The UK cannot imagine to hold on to “bits” of its membership after leaving the EU, Theresa May has said.
The prime missionary’s comment came after she was asked whether she would “prioritise” controlling immigration closed staying in the single market.
She told Sky News her approach was not “muddled”, check up on criticism by the UK’s former EU ambassador.
Mrs May, whose critics have demanded innumerable detail of her aims, promised to provide this in “the coming weeks”.
But Troubled urged the prime minister to give “more clarity” ahead of the “sundry important negotiations for a generation”.
Brexit talks with the EU are expected to in as early as April.
There has been much debate in recent weeks close to the nature of the deal the government is aiming for, in particular whether controls on the crusade of EU citizens will mean the UK leaves the European single market and customs fraternity.
By Susana Mendonca, BBC political correspondent
Theresa May doesn’t cast to give a running commentary on Brexit, so you have to read between the acquires on this one.
While she didn’t go as far as to say she would ditch single market access in coddle of being free to control EU immigration, she certainly appeared to hint at it.
Mrs May claimed the UK would have control of its borders and the best possible trade reckon with with the EU. She didn’t commit to maintaining “single market access”, and she recommended that people who thought the country could keep “bits of EU membership” were errors the point that it “would be leaving”.
This failure to commit to the apart market will be music to the ears of Brexiteers. To Remainers it will scrape up concerns that a “hard Brexit” could be on the offing.
But, as with so much in the Brexit altercation, clarity over the UK’s position in the negotiations, due to start very soon, detritus lacking.
Sir Ivan Rogers, who resigned as the UK’s ambassador to the EU last week, criticised “mismanaged thinking” among ministers.
But Mrs May told Sky News’s Sophy Ridge on Sunday: “Anybody who looks at this query of free movement and trade as a sort of zero-sum game is approaching it in the unseemly way.
“I’m ambitious for what we can get for the UK in terms of our relationship with the European Union because I also intend that’s going to be good for the European Union. Our thinking on this isn’t contrived at all.”
However, it was “important to take some time” to look at the “complexity of the issues”, she added.
The prime minister has promised to invoke Article 50 of the Lisbon Contract – getting formal Brexit negotiations with the EU under way – by the end of March.
Asked whether she was “advance to prioritise full control over immigration above membership of the unmarried market”, Mrs May said: “Often people talk in terms as if somehow we are desert the EU, but we still want to kind of keep bits of membership of the EU.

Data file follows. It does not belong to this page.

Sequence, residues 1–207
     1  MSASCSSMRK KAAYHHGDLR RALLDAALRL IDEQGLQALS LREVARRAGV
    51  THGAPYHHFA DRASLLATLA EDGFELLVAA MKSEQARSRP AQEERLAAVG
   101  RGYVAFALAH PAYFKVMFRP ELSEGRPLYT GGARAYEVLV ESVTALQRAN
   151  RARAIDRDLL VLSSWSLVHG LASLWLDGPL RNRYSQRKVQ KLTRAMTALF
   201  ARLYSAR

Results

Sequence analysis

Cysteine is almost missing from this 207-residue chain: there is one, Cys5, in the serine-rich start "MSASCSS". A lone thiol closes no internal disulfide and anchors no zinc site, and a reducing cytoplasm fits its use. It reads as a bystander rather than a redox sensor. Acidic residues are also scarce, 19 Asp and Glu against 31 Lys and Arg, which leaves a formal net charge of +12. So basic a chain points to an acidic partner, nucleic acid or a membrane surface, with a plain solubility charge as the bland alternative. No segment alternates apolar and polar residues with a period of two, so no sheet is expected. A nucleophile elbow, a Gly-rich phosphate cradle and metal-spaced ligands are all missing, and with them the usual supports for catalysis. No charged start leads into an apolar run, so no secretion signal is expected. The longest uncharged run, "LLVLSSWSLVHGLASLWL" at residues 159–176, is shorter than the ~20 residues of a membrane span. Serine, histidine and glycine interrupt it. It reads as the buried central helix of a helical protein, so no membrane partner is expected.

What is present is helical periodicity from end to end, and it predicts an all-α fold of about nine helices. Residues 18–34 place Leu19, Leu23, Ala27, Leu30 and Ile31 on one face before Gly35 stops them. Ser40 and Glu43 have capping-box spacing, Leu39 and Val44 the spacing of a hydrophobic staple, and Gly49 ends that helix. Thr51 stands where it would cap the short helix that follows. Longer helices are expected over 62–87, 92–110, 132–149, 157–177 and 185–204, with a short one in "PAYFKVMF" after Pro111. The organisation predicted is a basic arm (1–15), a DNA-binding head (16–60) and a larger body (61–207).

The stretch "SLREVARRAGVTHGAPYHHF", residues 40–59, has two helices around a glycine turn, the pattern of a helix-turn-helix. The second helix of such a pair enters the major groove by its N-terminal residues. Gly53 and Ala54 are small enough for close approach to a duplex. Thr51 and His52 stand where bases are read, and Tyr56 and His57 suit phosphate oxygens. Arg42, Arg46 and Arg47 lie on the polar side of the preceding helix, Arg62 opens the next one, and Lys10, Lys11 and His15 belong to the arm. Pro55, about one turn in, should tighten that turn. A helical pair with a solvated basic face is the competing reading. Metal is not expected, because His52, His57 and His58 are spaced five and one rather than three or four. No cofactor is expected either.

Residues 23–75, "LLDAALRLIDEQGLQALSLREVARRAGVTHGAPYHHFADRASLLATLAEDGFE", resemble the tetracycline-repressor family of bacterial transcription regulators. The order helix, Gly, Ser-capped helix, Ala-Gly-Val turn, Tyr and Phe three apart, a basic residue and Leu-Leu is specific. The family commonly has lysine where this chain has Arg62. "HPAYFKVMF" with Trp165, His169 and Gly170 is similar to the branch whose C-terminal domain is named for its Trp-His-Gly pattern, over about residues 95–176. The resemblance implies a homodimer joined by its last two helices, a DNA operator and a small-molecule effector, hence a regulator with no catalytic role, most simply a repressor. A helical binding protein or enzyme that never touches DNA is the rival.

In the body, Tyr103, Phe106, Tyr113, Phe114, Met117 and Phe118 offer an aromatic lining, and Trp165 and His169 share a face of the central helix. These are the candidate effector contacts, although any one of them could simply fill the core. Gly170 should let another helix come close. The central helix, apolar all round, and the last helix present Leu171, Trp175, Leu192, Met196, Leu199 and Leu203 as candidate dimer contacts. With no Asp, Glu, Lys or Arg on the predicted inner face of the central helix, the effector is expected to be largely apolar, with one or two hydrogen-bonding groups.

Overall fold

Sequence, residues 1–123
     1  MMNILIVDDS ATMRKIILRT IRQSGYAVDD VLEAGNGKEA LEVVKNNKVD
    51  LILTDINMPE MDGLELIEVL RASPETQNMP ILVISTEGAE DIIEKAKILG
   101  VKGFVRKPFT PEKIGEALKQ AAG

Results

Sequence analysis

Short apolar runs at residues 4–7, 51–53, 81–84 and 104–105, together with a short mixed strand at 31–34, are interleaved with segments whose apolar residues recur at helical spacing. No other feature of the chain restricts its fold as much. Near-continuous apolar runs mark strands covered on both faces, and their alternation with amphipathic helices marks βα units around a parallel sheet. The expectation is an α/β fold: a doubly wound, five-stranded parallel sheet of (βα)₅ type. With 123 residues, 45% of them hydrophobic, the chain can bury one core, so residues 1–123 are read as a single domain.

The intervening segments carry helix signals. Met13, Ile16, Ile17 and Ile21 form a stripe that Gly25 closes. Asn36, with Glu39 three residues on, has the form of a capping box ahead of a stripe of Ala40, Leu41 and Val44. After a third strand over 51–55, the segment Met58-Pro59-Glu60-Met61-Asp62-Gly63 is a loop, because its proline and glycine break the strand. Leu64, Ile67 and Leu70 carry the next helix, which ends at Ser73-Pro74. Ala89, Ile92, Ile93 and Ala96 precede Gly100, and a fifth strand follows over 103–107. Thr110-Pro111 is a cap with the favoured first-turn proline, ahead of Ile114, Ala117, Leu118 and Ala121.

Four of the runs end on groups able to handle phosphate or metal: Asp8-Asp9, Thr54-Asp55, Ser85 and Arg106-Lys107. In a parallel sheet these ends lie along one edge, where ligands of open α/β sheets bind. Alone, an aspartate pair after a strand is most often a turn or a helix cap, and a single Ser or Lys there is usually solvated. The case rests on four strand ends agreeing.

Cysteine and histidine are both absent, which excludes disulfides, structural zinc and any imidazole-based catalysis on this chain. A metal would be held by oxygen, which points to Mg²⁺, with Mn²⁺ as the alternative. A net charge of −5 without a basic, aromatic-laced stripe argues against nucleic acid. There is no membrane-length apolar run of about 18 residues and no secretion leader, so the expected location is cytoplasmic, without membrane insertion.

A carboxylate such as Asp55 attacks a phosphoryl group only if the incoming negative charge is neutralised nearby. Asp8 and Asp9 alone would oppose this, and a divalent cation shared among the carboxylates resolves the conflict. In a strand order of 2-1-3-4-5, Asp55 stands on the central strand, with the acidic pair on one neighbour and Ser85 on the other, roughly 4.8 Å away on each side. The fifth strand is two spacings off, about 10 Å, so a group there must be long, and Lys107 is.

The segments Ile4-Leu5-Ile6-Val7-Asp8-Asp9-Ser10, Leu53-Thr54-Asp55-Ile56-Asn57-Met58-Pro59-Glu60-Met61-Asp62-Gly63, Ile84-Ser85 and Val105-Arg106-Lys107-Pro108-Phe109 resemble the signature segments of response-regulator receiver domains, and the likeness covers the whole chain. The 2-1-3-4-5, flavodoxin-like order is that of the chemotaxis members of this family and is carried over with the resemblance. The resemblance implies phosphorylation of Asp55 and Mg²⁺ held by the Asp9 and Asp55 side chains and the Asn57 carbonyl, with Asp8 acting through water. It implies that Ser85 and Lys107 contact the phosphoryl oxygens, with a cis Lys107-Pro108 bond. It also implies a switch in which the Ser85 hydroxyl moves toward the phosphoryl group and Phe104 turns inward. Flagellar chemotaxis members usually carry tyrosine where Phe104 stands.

“We are leaving. We are total out. We are not going to be a member of the EU any longer.
“So the question is what is the right relationship for the UK to experience with the European Union when we are outside. We will be able to pull someones leg control of our borders, control of our laws.
“This is what people were opting for on 23 June.
“But of course we still want the best possible do business for us, companies to be able to trade, UK companies to be able to trade in and operate within the European Club and also European companies to be able to trade with the UK and operate within the UK.”
In the referendum terminal summer, voters opted by 51.9% to 48.1% in favour of Brexit.
Mrs May told Sky: “Onto the coming weeks, I’ll be setting out more details of my plan for Britain. Yes, that’s approximately getting the right deal for Brexit, but it is also about economic emend…
“It’s about getting the right deal internationally, but it’s also about a spotless deal at home.”
‘Taking back control’
Following Mrs May’s interview, sidekick Brexit secretary Sir Keir Starmer told the BBC: “She had one question put to her three outdates and still didn’t answer it, which is, ‘Are you prioritising immigration over access to the apart market?’
“That was the question she didn’t want to answer. And I think now, 10 to 11 weeks from the triggering of Article 50, and the most high-level negotiations for a generation, we need more clarity than that, and we haven’t got it.”
Liberal Democrat commander Tim Farron said Mrs May’s comments “confirmed she is taking us towards a disastrous leathery Brexit that will leave our country poorer and more alienated”.
But Richard Tice, co-chairman of the Leave Means Leave compete, said: “We welcome the prime minister’s commitment to taking back direction of Britain’s borders, therefore ending preferential treatment for EU citizens.
“She is goodness that issues of trade and immigration are not binary because when Britain offs the single market and the customs union, though freedom of movement require cease, Britain’s ability to trade with the EU and access the single customer base will continue.”
Labour MP and leading supporter of pro-EU Open Britain organize, Chuka Umunna, said:”Any trading arrangement outside the single exchange would erect barriers with our largest trading partner and intent be disastrous for the UK economy, jobs and businesses.”
Europhile former Conservative chancellor Ken Clarke unburdened BBC One’s Andrew Marr Show: “Theresa needs to address the more critical question of the muddle [Sir Ivan is] complaining about, see whether she agrees with him and umpire fix whether she can improve the way in which she organises the government to get to a proper conclusion.”